Issue 11 Volume 1
As Donald Trump took the stage declaring victory as the 45th President of the United States and the Leader of the Free World, I had a sudden chilling realisation. This man, who has spent his entire life ignoring or actively working against the dangers of climate change, progressive social policy and a centralised state control healthcare system, now sits at the head of the American government, which sets the trends in policy and action in the Western world.
His often-repeated goal during campaigning was to “repeal and replace” Obamacare by relaxing legislation which prevents exploitation of the injured by private insurance interests, and removing funding for vital infrastructure in hospitals and speciality clinics, as well as sexual health and Planned Parenthood programmes. Although he has, so far, been unsuccessful in repealing Obamacare, he has not given up his crusade against basic healthcare provisions.
Under Trump’s direct guidance, Tom Price, head of the Department of Health and Human Resources, continues to reduce requirements for insurance companies to provide essential benefits, and works towards completely dismantling systems related to women’s or sexual health. Such a removal of support and shift away from women is concerning, as it appears to indicate the return of deep-seated sexism within governmental institutions which sets an example for the wider society.
While Trump has proven time and time again that he has little regard for females, this blatant attack seems like an extreme first step. People have been protesting the numerous unconstitutional and unethical executive orders streaming from the desk of the White House through large organised protests, rallies at offices of local governmental officials and online petitions. It is vital, however, that this momentum does not weaken: accepting this situation as the new ‘normal’ cannot be allowed to happen. Having to fight constantly is exhausting but essential. Without significant resistance, it is likely that Trump will be able push many of these bills through a Republican-dominated congress and into law.
Trump’s executive order to freeze funding and support for global aid serves to reinstate and expand Reagan’s 1984 ban on United States (US) foreign aid. All $9.5 billion USD of American global health funding will be restricted from being available to any non-government organisations providing or even discussing abortion with patients.[1, 2] These cuts will jeopardise the health of the world’s most at-risk individuals by removing access to education and preventative measures against sexually transmitted diseases, as well as all facets of maternal healthcare. The World Health Organization estimated that a total of 225 million women in developing countries were not using contraception, mainly due to lack of access and education. With the implementation of this gag, it is expected that these numbers will rise significantly.
Trump has made it clear that he is committed to the promises he made going into the election – promises which have the potential to jeopardise global health. The next step is likely to be severe cuts or the removal of foreign aid funding entirely, as Trump has expressed on multiple occasions that he has no intention of being “president to the world”. By internalising focus, Trump aims to disconnect America from the rest of the world – a process that has started with reduction and removal of aid and is predicted to continue with taxing of overseas goods.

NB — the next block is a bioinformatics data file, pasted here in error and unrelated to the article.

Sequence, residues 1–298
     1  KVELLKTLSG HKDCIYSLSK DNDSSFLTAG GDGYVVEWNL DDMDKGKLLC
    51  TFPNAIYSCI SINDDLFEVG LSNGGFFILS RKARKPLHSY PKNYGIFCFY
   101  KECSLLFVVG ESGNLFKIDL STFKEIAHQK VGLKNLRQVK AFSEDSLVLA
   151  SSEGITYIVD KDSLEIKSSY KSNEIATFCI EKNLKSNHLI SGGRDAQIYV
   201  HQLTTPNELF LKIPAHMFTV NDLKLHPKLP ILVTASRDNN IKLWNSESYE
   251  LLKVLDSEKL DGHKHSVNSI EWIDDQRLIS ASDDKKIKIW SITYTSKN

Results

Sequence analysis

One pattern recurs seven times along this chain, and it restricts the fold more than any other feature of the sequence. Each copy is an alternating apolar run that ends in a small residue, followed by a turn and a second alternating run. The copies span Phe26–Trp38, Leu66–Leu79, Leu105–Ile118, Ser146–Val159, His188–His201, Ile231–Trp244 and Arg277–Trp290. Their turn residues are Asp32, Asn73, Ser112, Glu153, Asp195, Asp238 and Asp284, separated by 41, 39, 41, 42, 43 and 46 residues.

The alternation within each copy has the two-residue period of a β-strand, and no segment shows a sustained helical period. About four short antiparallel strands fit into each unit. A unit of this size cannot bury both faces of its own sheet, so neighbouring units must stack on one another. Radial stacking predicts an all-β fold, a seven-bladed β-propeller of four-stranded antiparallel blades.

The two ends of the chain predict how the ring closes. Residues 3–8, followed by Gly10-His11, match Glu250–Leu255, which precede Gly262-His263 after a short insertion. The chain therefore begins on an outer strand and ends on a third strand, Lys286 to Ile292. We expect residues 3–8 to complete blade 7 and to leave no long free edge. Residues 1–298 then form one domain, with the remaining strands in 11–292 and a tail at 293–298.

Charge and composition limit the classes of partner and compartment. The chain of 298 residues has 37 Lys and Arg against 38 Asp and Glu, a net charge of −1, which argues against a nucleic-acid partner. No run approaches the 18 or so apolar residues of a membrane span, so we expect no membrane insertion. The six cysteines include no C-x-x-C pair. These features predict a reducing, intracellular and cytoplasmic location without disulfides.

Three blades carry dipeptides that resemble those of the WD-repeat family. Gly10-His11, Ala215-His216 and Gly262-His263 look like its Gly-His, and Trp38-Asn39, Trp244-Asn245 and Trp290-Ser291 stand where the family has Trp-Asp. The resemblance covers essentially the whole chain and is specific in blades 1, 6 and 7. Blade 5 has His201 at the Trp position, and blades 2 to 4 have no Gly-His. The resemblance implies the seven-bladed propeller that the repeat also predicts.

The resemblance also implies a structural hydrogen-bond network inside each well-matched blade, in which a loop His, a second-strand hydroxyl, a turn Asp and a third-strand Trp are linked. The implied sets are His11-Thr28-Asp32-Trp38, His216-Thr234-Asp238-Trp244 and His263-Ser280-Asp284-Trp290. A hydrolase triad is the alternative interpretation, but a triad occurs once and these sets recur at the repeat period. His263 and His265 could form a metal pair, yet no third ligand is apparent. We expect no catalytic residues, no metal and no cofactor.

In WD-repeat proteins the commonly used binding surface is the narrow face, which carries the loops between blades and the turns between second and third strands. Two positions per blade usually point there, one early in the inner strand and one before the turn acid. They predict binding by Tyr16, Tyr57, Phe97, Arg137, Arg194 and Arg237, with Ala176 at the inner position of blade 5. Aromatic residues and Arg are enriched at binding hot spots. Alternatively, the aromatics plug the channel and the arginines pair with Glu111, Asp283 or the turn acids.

The impact this will have on global health programs is not to be underestimated. Slashing America’s global aid support will only result in detriment for those people already suffering from the consequences of poor support for health services; a rise in disease, poverty and death are to be expected if this policy is to be implemented.
Australia has an opportunity, and a responsibility here to intervene. As a country with the wealth and resources to help, we would be passively condoning Trump’s gag policy if we do not aim to lessen its blow on developing nations. By increasing our international aid and presence, as well as encouraging other countries to do so, we can hopefully avoid the rise of neoliberalist nationalism we have seen in America, and help prevent its consequences to global health.
Most importantly, Australia needs to stand up against America on this issue. It is time for Australia to take the lead. By changing direction and taking a strong stand on healthcare and foreign aid, Australia could become a rally point for other nations – a model for them to work by and therefore improve the lives of millions of people who have already, and will be, affected by the rise of Trump.
Owen Burton holds degrees of Bachelor of Biomedical Science (Griffith University) and Masters of Orthoptics (University of Technology, Sydney)
Conflict of Interest
|1.||Filipovic J. The Global Gag Rule: America’s Deadly Export. Foreign Policy. 2017 March; 20.|
|2.||Office of the Press Secretary, White House. White House. [Online].; 2017 [cited 2017 May 10. Available from: https://www.whitehouse.gov/the-press-office/2017/01/23/presidential-memorandum-regarding-mexico-city-policy.|
|3.||Singh S, Darroch J, Ashford L. Adding It Up: The Costs and Benefits of Investing in Sexual and Reproductive Health 2014. Guttmacher Institute; 2014.|